As director of the Kennedy Center, Haywood worked closely with Eunice Kennedy Shriver, sister of the late President John F. Kennedy and a longtime member of the National Advisory Council of the center, and her husband Sargent Shriver. Haywood also worked with her as a consultant to the President’s Committee on Mental Retardation (now the President’s Committee for People with Intellectual Disabilities). He was a member of the Scientific Advisory Board of the Joseph P. Kennedy Jr. Foundation from 1984 to 1986. The foundation, in addition to the National Institutes of Health, was instrumental in the founding of the Kennedy Center. Haywood enjoyed sharing stories of working with Mrs. Shriver over the years, as they worked together to support expanded research and training, said Elise McMillan, co-director of the Vanderbilt Kennedy Center for Excellence in Developmental Disabilities.

“Carl Haywood doggedly supported research, training and services for those with intellectual disabilities,” McMillan said. “As the center has expanded its work in recent years, he continued to be a mentor to numerous trainees and professionals.”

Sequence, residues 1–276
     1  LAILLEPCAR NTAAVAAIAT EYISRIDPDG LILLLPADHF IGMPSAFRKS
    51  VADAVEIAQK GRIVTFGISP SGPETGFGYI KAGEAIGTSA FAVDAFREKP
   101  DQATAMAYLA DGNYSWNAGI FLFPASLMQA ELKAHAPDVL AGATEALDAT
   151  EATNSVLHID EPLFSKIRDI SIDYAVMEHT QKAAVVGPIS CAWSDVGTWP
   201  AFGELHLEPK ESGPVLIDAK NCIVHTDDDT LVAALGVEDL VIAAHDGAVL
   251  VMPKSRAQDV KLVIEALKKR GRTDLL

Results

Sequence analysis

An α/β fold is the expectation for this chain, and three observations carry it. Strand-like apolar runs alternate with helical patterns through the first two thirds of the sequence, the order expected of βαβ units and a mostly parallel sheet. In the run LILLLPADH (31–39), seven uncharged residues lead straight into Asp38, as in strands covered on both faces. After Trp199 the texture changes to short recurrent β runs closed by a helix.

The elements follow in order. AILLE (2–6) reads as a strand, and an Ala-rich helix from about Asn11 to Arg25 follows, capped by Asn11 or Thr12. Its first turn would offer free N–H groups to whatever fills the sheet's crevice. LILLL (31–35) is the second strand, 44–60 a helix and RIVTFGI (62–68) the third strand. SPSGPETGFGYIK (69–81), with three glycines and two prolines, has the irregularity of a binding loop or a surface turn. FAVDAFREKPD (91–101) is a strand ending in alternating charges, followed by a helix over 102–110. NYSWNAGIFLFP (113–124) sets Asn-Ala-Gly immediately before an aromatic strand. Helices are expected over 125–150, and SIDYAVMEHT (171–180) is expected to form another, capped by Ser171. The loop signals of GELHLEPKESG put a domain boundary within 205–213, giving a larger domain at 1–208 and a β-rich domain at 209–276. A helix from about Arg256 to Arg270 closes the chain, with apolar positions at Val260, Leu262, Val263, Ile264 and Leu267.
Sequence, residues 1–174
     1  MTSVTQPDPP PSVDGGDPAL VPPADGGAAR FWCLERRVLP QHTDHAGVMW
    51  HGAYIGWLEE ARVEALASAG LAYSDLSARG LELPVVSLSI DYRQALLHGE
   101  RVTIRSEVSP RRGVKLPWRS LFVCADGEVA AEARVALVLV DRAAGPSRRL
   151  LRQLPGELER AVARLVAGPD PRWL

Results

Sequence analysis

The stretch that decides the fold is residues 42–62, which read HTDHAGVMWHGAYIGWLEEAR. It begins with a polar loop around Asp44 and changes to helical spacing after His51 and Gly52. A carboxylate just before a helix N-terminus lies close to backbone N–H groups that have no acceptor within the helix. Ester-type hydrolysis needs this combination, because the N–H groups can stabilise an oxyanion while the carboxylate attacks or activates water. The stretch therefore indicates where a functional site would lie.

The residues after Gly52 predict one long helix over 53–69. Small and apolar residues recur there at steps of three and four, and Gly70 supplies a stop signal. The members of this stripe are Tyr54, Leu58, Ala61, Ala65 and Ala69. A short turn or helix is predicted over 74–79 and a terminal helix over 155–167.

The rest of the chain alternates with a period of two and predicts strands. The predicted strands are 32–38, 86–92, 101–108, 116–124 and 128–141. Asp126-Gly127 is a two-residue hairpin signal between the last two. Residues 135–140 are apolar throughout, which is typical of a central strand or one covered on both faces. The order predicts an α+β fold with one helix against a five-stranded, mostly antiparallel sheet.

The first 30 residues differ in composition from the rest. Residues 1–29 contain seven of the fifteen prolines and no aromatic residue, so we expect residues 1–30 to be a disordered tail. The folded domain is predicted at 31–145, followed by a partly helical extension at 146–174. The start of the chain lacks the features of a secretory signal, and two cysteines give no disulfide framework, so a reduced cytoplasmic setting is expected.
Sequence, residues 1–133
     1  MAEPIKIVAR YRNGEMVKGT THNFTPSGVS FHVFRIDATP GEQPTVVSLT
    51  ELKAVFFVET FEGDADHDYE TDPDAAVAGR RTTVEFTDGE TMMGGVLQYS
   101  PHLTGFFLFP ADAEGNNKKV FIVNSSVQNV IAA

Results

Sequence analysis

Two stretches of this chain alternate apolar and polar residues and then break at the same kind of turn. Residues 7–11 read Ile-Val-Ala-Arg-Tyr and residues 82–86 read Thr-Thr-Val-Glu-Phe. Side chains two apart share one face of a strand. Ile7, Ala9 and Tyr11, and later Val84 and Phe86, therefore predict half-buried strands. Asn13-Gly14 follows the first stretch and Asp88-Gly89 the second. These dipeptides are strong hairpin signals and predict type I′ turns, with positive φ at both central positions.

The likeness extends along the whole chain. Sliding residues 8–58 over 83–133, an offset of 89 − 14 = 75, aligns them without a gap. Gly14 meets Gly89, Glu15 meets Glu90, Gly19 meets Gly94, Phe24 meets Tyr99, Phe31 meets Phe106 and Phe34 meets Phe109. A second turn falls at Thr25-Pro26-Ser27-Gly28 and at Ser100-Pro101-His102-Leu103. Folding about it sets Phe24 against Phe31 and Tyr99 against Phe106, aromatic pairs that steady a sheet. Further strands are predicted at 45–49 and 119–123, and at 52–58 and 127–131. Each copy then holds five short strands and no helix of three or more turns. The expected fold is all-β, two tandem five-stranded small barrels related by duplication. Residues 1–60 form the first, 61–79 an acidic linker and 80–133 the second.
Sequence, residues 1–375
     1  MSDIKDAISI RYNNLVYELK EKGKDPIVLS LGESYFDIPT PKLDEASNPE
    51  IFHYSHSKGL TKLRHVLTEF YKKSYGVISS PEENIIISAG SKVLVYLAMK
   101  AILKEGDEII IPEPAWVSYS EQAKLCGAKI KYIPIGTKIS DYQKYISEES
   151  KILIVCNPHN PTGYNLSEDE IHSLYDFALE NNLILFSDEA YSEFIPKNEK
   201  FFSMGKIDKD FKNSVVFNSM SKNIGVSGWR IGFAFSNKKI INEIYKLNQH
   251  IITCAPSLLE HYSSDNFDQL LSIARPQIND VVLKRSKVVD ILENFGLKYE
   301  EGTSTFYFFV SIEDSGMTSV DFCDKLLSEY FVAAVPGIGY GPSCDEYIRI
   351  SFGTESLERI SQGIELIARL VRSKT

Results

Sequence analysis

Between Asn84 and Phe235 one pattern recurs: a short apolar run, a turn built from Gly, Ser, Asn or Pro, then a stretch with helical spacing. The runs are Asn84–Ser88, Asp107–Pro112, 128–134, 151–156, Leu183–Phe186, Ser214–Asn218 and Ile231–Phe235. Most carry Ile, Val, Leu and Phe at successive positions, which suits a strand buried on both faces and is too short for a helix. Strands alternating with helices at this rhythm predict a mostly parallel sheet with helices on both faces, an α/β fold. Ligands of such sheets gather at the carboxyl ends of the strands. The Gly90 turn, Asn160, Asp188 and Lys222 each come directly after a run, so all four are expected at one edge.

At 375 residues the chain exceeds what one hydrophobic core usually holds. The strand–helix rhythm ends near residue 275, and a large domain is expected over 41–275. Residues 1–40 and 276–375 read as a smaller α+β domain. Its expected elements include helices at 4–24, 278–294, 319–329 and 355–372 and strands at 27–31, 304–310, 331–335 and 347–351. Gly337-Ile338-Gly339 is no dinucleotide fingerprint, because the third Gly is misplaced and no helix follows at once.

Haywood served as editor of the American Journal of Mental Deficiency from 1969 to 1979, and editor of the Journal of Cognitive Education and Psychology from 1999 to 2006. He published more than 250 articles, books and reviews in his research fields of intellectual and developmental disabilities, cognitive education, motivation and psychological assessment. He held office in numerous academic societies devoted to these areas and won many awards for his work. He became professor of psychology, emeritus, in 1993.

In addition to his scholarly achievements, Haywood was a talented pianist and 20-year choir member at Christ Church Cathedral in Nashville. He also sang with The Vincibles, a small group of retirees, most with direct or indirect ties to the Kennedy Center, and led classes in interpretive reading at The Blakeford retirement community.

He is survived by four children, two grandchildren and eight nieces. A memorial service will be held at a future date at Christ Church Cathedral in Nashville, where his ashes are to be interred.

In lieu of flowers, the family requests memorial donations be made to the Susan Gray School, Vanderbilt University, 110 Magnolia Circle, Nashville, Tennessee, 37203.